“What’s the business, that such a hideous trumpet calls to parley the sleepers of the house?” ~William Shakespeare (Macbeth, II, iii)

Last week’s post introduced you to my fourth grade diary and precious gem queens that ruled outer space.  We continue the series this week, with a glimpse into perhaps the reason why I’m not a very musical person.  I do like certain kinds of music (80’s music can’t be surpassed for entertainment value and I’m also fond of classical music when I’m stressed), but I don’t ever go to music clubs or music festivals, it’s just not my cup of tea.  

But when I started reading through my fourth grade diary, I was reminded of a music memory:  my attempts to learn how to play the trumpet.  For some reason I can’t remember, I decided I wanted to join my elementary school band class.  (I think it was my idea…or was it my parents’?)  And when it came time to pick my instrument, I picked the trumpet because it was the closest thing to what my Dad had played when he was in school: the coronet.  I actually do remember the trip to the music store to pick out the used gold trumpet in the brown case with the red velvet lining inside, that was exciting. Less exciting: my mom signed me up for weekly lessons with a trumpet teacher there at the music store.  I didn’t like him, or the lessons.  I guess I thought that once we bought the instrument and I took it to band class, I’d just magically know the trumpet by musical osmosis or something.

January 7, 1980

January 7, 1980

(Transcript: “Today we had P.E.  We played this game with numbers, myne was 1.  I had my trumpet lessons today.  My teacher is fat.  Here is a picture. [drawing] That’s him.  And then I did some more homework. It was a rrrrrr day.”)

Ah, I’m afraid I wasn’t very politically correct at nine years old, sorry about that.  And I think I may have just watched “Willy Wonka & The Chocolate Factory” because that picture looks suspiciously like Violet Beauregard after she ate the forbidden blueberry gum.  I remember it being very crowded in the confined space of the tiny little lesson room, it was like a closet off the sales floor of the music store.  I remember he also had a mustache and glasses, and I’m pretty sure the real reason I didn’t like him was because he felt the need the empty the spit valve on his trumpet extremely frequently, which I thought was really gross.  That’s another thing I hadn’t thought through very well when I picked the trumpet – the spit valve situation – and it became pretty disgusting pretty quickly.  No one had told me about that little detail. Rrrrrr indeed.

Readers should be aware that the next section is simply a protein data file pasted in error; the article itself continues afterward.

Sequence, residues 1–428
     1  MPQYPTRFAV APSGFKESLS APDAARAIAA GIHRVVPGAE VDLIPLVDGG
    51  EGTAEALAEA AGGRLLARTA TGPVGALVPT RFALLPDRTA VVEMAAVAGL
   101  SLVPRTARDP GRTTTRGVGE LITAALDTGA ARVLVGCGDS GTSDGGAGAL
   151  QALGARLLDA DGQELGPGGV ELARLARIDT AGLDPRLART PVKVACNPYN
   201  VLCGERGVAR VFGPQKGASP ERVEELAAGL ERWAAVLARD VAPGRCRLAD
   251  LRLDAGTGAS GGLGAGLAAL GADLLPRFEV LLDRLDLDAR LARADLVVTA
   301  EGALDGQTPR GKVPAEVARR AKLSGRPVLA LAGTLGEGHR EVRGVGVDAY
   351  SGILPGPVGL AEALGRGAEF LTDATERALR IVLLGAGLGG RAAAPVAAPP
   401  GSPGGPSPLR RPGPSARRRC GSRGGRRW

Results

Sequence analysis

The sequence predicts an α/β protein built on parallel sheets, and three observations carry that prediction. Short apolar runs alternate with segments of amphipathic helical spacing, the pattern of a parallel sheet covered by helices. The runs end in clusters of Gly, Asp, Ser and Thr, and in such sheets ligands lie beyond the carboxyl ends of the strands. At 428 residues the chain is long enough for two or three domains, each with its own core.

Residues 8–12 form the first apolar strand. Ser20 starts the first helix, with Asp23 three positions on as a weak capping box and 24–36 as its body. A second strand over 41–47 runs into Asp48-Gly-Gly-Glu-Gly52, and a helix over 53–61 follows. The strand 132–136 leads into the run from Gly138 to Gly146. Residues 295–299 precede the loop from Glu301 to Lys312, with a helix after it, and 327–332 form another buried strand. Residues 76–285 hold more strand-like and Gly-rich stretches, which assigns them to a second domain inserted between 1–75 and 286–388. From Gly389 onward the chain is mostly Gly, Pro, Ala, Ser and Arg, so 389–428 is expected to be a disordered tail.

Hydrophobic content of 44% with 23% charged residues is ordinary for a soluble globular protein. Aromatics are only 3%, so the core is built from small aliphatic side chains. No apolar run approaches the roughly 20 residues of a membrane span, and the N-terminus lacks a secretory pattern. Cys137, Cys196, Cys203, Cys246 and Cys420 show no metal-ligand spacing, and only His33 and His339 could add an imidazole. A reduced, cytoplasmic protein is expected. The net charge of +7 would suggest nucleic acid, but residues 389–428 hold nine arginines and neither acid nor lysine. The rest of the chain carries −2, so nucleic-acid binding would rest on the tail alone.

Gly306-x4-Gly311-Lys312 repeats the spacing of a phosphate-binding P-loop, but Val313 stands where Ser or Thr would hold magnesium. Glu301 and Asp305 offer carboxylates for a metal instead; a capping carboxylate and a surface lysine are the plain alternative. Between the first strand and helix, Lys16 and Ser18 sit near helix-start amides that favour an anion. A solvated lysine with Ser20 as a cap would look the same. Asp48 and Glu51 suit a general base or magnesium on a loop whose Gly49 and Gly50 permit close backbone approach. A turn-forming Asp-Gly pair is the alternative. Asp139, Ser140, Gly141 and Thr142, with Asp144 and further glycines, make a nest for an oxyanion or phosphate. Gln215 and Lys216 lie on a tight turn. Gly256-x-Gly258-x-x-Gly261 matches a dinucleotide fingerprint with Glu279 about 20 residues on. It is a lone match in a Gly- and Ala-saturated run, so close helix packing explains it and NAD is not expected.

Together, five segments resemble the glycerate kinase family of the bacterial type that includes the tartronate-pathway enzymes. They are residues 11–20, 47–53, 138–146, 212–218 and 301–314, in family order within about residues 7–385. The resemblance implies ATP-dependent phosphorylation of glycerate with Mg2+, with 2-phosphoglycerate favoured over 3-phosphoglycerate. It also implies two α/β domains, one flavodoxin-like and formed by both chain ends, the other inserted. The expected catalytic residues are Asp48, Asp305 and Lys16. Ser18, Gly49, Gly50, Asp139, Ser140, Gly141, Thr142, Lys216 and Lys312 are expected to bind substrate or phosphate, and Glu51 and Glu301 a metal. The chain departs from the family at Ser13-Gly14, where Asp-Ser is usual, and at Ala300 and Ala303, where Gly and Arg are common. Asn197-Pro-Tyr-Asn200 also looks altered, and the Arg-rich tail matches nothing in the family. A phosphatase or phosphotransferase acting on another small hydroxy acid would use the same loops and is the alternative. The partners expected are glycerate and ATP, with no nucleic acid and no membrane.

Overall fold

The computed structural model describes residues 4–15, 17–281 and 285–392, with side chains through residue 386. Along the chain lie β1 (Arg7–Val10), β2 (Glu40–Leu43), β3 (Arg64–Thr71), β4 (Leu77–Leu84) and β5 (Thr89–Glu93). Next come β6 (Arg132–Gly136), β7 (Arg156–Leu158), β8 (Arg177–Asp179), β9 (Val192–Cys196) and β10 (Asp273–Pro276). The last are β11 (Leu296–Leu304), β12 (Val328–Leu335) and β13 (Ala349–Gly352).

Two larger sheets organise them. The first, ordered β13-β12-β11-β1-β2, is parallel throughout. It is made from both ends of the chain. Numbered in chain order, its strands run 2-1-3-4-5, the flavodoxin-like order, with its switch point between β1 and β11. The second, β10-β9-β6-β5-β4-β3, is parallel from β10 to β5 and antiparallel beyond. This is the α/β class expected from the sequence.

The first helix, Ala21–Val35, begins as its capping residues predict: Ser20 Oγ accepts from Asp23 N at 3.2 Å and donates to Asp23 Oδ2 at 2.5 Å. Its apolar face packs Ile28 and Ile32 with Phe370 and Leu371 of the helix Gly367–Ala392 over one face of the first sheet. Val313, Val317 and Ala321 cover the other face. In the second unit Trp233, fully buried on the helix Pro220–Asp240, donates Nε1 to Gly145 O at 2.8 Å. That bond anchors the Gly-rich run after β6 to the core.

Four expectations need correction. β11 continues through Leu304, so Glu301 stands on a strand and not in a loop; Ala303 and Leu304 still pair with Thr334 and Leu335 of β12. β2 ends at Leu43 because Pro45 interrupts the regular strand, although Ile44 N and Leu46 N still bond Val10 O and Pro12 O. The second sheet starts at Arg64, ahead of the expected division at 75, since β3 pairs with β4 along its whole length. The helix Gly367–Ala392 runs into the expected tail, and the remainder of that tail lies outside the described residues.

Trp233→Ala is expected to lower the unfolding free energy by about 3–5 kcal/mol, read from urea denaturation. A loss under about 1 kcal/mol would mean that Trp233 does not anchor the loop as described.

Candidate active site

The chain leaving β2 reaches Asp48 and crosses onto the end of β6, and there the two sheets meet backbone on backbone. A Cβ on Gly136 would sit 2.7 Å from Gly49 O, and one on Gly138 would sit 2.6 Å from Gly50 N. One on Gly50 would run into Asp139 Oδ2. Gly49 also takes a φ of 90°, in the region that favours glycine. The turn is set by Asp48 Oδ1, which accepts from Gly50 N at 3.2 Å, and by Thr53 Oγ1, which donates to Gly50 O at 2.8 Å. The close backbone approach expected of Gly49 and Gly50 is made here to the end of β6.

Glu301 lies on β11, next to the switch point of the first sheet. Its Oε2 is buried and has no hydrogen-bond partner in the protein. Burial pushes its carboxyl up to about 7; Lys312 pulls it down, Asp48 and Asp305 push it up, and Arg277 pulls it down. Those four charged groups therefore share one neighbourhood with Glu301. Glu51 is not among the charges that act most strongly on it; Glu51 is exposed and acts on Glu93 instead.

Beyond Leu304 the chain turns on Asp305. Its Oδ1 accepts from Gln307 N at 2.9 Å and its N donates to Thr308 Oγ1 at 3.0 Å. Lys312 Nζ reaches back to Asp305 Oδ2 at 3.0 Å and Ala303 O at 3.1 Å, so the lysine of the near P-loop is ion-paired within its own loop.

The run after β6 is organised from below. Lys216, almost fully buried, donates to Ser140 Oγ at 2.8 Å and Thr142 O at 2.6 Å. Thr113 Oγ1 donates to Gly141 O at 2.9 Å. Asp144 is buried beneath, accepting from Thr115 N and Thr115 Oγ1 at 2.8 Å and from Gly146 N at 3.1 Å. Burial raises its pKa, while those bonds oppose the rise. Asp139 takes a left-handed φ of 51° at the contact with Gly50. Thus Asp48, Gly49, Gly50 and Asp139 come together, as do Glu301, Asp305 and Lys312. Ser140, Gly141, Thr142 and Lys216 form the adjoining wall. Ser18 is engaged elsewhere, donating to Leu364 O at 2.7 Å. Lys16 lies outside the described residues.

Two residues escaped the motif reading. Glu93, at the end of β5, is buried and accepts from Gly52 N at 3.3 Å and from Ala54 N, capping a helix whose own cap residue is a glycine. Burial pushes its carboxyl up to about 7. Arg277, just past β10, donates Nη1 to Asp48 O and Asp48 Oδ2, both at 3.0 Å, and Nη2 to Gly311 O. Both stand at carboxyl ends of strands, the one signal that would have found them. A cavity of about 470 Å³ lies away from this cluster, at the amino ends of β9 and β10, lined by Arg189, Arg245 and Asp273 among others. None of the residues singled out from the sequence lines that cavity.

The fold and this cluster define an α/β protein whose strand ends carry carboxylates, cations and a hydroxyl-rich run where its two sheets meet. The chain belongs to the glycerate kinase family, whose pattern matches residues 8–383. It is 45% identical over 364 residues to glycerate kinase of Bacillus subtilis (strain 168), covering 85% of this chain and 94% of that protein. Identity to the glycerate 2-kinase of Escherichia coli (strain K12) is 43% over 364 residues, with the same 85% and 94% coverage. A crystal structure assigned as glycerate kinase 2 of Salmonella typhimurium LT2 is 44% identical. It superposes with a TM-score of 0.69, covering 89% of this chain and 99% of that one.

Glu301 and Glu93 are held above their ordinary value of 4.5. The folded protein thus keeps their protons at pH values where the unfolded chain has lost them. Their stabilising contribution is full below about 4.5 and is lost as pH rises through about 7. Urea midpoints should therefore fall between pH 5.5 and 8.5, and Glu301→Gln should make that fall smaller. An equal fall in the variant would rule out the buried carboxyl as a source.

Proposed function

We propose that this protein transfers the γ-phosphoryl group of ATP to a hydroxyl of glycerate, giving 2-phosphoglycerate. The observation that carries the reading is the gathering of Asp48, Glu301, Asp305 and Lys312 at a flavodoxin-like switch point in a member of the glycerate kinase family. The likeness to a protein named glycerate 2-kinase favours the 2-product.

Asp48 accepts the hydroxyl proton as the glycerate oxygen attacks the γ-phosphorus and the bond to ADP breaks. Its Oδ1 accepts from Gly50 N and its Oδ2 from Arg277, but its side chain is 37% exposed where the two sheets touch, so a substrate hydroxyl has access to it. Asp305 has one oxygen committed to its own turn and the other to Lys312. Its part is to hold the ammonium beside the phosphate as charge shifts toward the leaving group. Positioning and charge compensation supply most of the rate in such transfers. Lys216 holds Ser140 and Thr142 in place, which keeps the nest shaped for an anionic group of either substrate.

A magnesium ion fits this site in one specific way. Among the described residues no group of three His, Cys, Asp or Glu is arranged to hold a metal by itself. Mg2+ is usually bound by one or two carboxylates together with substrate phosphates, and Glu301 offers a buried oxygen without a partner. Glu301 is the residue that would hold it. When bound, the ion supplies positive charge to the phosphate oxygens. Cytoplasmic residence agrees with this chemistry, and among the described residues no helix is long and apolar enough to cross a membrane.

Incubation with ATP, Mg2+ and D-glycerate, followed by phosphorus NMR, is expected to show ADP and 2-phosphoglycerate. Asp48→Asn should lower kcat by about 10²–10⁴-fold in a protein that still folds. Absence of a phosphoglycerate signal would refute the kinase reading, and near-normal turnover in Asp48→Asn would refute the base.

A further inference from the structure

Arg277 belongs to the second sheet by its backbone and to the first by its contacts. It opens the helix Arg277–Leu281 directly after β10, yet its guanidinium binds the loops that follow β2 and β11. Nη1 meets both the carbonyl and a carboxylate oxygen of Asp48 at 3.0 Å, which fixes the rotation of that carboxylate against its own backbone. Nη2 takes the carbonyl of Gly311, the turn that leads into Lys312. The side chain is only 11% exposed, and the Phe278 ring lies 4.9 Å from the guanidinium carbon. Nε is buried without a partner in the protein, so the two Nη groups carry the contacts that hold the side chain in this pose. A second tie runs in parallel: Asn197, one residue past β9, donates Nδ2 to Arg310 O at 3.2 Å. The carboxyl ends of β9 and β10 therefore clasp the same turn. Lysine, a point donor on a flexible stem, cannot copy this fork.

My trumpet troubles continued:

January 23, 1980.

January 23, 1980.

(Transcript: “Today I finished By the Shores of Silver Lake.  Mrs. Fullerton started to read Tee-Bo aloud to the class.  Today I was practicing my trumpet and I couldn’t figure out how B flat sounded.  I watched the circus on TV.  And also Happy Days again.  I ate chicken for lunch.”)

I still have no idea whatsoever what B flat is supposed to sound like; is it one of the more difficult notes to master?  Or is it a scale?  I learned to read music at that time, I remember learning that, but I couldn’t read it today if you paid me a thousand dollars.  It’s like I’ve completely blocked it out, which is weird to me; you don’t forget how to read your written language once you’ve learned, so why would one forget how to read music language once you’ve learned it?  Or maybe I just thought I learned how, which would explain why I was really bad at playing the trumpet…that sounds more plausible actually.  

Also, I started to really hate the little red ring that the trumpet mouthpiece would leave around my lips after playing it.  The other kids in band class made fun of me for it.  I was really bad at emptying the spit valve and it made me gag up a little sometimes.  We weren’t getting along too well in this short-lived relationship, the trumpet and I.

You can guess what happened next, right?

February 4, 1980

February 4, 1980

(Transcript: “Tonight I had to wash my face, and I got soaking wet. (all Dad’s fault!) I didn’t take a bath.  I watched Little House on the Prairie.  I ate chicken for supper.  I had homework to do! [smiley face] We went across to Miss Trihio’s class & watched some movies. (Fairie Tales) We had P.E. today. We did gymnastics in P.E.  I read Inky & Texas for S.S.R.  Stacey walked without me!  I had trumpet lessons [another blueberry Violet drawing] / I quit!!!!!!!”)

Well, what another traumatic day that was…I’d had to walk to school by myself, do actual homework (although I seemed happy about that), and Dad messed up big-time on the face-washing (but thanks for trying Dad).  No wonder another trumpet lesson was the last straw.  You know someone’s serious about quitting something when they use SEVEN exclamation points and in increasingly larger and angrier sizes.  I kind of wished I’d done that when I resigned from that last horrible job I had a few years ago, just to show the level of commitment I had to quitting that time too.

Also, we ate a lot of chicken, and I butchered the spelling of Miss Trujillo’s name, sorry about that (but I was obviously hooked on phonics).  I never did learn another instrument after the trumpet trials, although I can play the first few bars of ‘Silent Night’ on the piano for some reason.  I guess I just don’t have a musical brain, but I have no problem appreciating a good 80’s hair metal rock ballad when the occasion calls for it.

À la prochaine!

Ant Kristi

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